Chaos & Meaning


I have a friend who believes that life has no meaning. She was laughing at me when, during our long discussions, she would always bring out the fact that I have deep in my core an unshaken belief that everything in life has a reason. She couldn’t understand why I always have this reflex to find patterns that have a meaning in some sort of general idea on which our Universe is based. She would sometimes say that, when I encounter deeply absurd things, I would take them as they are, and later create a meaning for them so that they fit into my philosophical system.

She was right: I am a meaning-driven being. It is much more comfortable for me to decide a priori that everything is coherent. She, on the other hand, had the abyss and the meaninglessness in her core, and it was always a challenge to have a conversation with her, as I had to use her values and her philosophical system, which was radically different from mine.

Another significant difference between us was that I am a spiritualist and she is an atheist. It is hard to get to a common ground with an atheist, because they often give you reasons and facts that support their theory, while I function on deep convictions that are all emotional and need no proof.

One of the most valuable things I learned in my psychotherapy training is the fact that “reality is”. This means that what we live is what we live, and we only reflect on our lives. Since that time I lost the concepts of “good” and “bad”. Everything in life can be either good or bad depending on a set of rules used for comparison. From my experience with my patients, I understood that what I thought to be good others believed to be bad and vice-versa. What I didn’t notice until some days ago was the fact that absurdity and meaning follow the same rule; they are sides of the same coin.

If you read Tao Te Ching, you will very often find this idea that principles switch positions. You will also read that there are moments when meaning is prevalent, but there also times when chaos is reigning. What is expected from you is to realize that both aspects are illusions, that life can be chaotic or meaningful depending on your expectations. And this is especially important in one chapter in self-leadership: ambiguity management.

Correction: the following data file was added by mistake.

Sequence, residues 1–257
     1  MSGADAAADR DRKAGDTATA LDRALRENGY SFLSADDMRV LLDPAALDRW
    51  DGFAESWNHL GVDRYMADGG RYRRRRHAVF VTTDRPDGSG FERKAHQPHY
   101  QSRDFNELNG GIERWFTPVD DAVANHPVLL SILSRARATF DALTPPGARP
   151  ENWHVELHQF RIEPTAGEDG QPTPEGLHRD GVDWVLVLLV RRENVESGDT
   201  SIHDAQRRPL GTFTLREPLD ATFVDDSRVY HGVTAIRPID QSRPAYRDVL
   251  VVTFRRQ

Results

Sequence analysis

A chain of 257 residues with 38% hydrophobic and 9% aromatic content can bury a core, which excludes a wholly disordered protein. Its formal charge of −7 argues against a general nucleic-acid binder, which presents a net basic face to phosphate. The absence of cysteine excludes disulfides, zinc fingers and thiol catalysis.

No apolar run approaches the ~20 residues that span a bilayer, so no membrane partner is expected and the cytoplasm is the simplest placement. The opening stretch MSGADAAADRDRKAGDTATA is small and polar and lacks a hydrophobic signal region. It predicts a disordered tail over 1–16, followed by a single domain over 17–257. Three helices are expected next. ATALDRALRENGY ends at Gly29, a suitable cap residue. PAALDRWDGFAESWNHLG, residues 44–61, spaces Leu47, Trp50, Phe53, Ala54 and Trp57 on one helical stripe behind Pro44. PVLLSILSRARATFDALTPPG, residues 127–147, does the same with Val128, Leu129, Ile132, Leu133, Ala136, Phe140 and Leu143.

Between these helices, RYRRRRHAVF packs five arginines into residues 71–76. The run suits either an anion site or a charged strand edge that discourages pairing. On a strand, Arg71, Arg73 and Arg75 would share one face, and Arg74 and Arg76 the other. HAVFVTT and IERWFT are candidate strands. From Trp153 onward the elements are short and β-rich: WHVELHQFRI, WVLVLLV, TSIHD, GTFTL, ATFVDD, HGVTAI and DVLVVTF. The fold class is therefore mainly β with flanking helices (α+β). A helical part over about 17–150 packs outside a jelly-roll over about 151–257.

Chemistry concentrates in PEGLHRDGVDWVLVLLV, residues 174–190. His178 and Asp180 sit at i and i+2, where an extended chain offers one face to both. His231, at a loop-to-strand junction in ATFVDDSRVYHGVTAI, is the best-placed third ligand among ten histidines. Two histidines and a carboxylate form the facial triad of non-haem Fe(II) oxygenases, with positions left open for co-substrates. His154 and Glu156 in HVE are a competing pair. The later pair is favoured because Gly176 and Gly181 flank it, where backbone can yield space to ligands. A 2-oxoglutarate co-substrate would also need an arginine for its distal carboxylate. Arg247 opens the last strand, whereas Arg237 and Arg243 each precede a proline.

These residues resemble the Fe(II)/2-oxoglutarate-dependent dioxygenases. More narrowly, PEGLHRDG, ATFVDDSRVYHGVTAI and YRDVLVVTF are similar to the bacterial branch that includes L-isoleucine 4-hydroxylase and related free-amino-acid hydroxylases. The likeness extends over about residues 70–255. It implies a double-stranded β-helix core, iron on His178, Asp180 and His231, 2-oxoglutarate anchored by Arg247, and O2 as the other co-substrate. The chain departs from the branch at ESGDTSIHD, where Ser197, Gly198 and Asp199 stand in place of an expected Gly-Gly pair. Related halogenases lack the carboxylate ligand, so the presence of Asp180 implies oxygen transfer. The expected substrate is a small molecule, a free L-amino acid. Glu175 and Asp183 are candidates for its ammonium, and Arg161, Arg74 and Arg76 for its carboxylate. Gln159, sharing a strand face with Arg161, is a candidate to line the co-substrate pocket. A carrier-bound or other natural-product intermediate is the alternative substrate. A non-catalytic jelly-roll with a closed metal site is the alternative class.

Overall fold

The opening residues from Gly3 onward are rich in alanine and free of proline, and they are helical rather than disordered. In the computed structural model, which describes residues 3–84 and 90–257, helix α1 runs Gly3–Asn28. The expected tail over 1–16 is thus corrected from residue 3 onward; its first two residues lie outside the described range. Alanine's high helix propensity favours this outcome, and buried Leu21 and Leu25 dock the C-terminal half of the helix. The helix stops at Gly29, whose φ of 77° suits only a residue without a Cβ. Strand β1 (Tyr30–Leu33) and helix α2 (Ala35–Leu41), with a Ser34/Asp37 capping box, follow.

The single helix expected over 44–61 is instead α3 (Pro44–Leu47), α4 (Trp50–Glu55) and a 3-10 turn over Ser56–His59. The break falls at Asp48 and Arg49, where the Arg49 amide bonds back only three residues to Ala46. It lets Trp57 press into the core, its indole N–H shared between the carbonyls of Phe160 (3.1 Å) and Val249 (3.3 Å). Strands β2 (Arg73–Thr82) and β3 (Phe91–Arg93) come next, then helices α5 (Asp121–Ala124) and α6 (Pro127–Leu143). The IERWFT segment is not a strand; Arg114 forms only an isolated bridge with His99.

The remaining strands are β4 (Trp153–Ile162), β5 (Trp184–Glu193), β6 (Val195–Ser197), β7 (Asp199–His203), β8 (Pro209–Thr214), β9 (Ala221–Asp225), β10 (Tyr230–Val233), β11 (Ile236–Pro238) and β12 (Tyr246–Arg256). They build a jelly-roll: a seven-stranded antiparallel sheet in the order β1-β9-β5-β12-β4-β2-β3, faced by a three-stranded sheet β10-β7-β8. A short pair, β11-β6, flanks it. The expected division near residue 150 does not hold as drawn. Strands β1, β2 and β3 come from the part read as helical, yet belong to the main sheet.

When ambiguity strikes, I have 2 solutions: the first is to remember that nothing is permanent and, at some point, meaning returns (first-level thinking); the second is to remember that famous Matrix line: “there is no spoon” (second-level thinking). Both ideas of chaos and order are essentially wrong, delusional.

Take a look at the image of this article. It’s a chaotic sculpture. But if you project light on it, a perfectly symmetric shape is born on the wall behind it. If you are full of meaning – be it religious in nature or purely scientific – you will see the projection on the wall as the ultimate reality. If you are an unstructured spirit that enjoys meaninglessness, you will see the sculpture as the ultimate reality and the projection on the wall as a puerile attempt to explain the unexplainable, the chaos. Both visions are valid. And both visions are wrong. The fact that the sculpture is chaotic or the projection is symmetric… is irrelevant. You operate with concepts of “chaos” and “order” but in fact “what is” is purely a sculpture casting a shadow on a wall. Period.

Last year I saw a patient several weeks after the death of a loved one. She was grieving. She was trying to find meaning in the sudden death of that loved one. What was I supposed to tell her? Fairy-tales of the afterlife? I heard myself telling her that life is sometimes absurd and she should take it like that… she should take life as it is. “Reality is!” Death “is”. Life events are neither logical, nor absurd. They happen. She is living now the absurd of the situation… perhaps later she will find a meaning… perhaps she will not…

I used to be a meaning-driven being. Then I experienced the chaos and the absurdity. I learned to see them as illusions. And I think that this can’t possibly be unlearned… Even if I still find pleasure in meaning and I am happy to seek and find it in my life, it took me years to learn that this is maya… just another illusory aspect of my existence.

I’d love to meet again my friend and tell her that we were both wrong: I – to be structured – and she – to be not. But for some unknown reason, she does not answer her phone… I accept this particular situation between us… or, put differently, I accept the experience.

Life is.


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